0 5 * * 1.

Let's break that down:

  1. Minute: 0. Run at exactly the zeroth minute and not any other minute.
  2. Hour: 5. Run at exactly the fifth hour.
  3. Day: *. All days.
  4. Month: *: All months.
  5. Weekday: 1: Monday.

That's how you write an expression for a Cron Job. If you do 1 5 * * 1, then it'll run at 5:01 AM instead. * * * * 1 would run every minute of every hour of Monday.

Cron configuration tips

Below are a few best practices when setting up your Cron Jobs.

1. Use the / character to run between intervals

In the last example, we saw a way to run cron jobs at exactly 5 A.M. on Monday.

However, what if we want to run a Cron configuration every five hours?

In that case, Cron provides us a nifty little tool: /A cron job expression 0 */5 * * 1 would, for example, run every five hours, but only on Mondays.

2. Specify more than one time to run a job

What if you want to run a Cron Job at fixed multiple times in the day? Let’s say, 5 A.M., 6 A.M., and 7 A.M.?

The solution: Use a comma.

0 5,6,7 * * 1 would run at five, six, and seven am on Mondays! Similarly, 0 5 * * 1,2,3 would run on Monday, Tuesday, and Wednesday.

3. Validate your Cron jobs online

So you've written your cron expression, but how do you know it's correct?

After all, if you made a mistake, you won't get an error and it may be hours or weeks before your Cron Job actually runs.

Here's what you can do: Go to a website called Cron Guru (https://crontab.guru/) and type the Cron configuration in there. You’ll get the same thing but in plain English.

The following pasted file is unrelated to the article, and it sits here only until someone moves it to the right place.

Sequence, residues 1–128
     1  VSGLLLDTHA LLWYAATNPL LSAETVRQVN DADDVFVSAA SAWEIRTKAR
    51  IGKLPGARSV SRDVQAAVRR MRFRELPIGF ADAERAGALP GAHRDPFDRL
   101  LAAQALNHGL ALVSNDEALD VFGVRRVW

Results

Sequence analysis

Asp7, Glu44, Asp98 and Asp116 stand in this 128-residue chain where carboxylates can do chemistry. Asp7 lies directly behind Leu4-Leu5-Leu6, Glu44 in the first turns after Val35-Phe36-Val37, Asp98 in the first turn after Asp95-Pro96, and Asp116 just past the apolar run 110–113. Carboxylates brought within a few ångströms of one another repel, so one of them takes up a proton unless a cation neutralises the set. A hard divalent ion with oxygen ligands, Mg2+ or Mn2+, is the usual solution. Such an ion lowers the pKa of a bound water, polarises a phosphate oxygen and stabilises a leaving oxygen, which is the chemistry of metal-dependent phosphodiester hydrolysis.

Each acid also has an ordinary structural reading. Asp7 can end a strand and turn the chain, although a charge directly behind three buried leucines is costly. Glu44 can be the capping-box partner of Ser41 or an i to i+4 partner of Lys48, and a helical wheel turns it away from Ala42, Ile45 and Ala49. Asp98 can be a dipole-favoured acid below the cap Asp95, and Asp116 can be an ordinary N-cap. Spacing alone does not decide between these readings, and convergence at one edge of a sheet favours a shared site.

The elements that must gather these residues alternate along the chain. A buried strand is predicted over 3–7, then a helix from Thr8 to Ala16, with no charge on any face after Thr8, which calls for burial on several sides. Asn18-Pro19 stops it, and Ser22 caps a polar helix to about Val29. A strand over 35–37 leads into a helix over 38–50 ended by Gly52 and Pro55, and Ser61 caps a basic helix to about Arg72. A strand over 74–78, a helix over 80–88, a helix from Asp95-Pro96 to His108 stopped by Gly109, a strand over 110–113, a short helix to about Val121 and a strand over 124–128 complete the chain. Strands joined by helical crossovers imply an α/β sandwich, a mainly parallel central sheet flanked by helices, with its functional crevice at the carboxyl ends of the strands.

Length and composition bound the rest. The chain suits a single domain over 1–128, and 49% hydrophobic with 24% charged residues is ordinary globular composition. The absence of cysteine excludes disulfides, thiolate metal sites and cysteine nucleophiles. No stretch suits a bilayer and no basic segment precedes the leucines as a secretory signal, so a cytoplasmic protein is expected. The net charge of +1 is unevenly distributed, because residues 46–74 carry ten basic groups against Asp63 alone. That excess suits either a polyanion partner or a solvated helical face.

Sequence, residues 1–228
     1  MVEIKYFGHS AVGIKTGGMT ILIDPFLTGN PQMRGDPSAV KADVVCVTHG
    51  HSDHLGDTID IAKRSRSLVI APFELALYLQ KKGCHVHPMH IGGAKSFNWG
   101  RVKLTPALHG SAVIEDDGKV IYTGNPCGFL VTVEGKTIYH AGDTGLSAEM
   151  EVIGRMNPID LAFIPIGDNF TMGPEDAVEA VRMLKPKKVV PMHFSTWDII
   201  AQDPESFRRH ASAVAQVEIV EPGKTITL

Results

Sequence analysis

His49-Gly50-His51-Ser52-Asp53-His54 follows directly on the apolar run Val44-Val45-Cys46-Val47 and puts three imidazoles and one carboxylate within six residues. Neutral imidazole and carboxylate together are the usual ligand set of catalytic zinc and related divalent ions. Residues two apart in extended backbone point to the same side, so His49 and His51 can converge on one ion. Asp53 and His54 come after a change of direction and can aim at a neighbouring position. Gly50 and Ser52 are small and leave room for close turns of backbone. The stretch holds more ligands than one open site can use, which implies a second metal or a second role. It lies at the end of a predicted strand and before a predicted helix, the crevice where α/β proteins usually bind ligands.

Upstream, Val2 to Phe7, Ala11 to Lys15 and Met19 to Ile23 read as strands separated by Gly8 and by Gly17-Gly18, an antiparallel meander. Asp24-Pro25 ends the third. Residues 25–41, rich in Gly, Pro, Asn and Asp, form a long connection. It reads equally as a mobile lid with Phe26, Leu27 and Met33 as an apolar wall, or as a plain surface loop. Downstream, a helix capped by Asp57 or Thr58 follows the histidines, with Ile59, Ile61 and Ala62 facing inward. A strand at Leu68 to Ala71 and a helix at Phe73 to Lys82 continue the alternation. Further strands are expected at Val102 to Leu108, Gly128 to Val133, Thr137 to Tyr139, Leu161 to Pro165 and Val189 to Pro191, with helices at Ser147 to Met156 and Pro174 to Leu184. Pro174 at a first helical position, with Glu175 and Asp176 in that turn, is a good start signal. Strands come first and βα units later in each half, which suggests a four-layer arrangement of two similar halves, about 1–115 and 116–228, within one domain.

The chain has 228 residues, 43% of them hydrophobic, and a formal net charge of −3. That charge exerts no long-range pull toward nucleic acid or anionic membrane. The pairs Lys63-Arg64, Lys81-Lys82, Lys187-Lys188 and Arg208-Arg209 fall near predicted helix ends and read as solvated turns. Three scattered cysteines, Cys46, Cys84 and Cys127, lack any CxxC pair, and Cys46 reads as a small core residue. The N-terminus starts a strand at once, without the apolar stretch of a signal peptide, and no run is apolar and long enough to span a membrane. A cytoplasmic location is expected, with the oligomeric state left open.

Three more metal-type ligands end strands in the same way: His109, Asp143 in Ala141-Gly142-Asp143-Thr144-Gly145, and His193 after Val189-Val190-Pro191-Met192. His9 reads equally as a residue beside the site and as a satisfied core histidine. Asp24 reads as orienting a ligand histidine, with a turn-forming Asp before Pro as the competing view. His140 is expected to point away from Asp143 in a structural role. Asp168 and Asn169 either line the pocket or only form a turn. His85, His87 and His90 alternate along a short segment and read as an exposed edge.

Now you can verify whether your expression is correct or not, allowing you to fix it and run it correctly.

What are the drawbacks to Cron Jobs?

Cron Job software is simple yet powerful. You can schedule hundreds of Cron Jobs and let the Cron Job software handle the heavy lifting, saving you tons of time and energy from doing everything manually.

However, if you’re new to Cron, using the Cron Job software can get complicated.

While using Cron Jobs is better than writing your own scheduling scripts, you’re likely to make mistakes, encounter errors that need to be fixed, handle exceptions, and more.

Additionally, if you want to run a command each time there's a new file inside a folder, you can’t use Cron to do it.

The good news, a more advanced and easy-to-use workload automation solution can.

OpCon simplifies the process of automating your commands. You can have more triggers such as new files in a folder and monitor those operations live through a Dashboard. Oh, and remember the part about failed jobs sending you an email? With event-driven automation, you can program a workflow to account for this and automatically rerun the job before alerting an operator.

OpCon combines intense scalability with reliability, allowing you to handle and schedule 150 to 150,000 jobs daily.

Some of OpCon’s features include scheduling or event-driven flexibility functionalities and seamless web service and API integrations with third-party apps.

It also offers comprehensive event logs, allowing you access to contextual data to simplify and streamline your troubleshooting.

All these features and more make creating Cron Jobs less complicated and more efficient.

In this article

Learn how cron jobs work, what they are typically used for, and why you may want to consider implementing workload automation software instead.

Have a question about automation? We’d love to hear from you.

Send us a message and someone will contact you as soon as possible.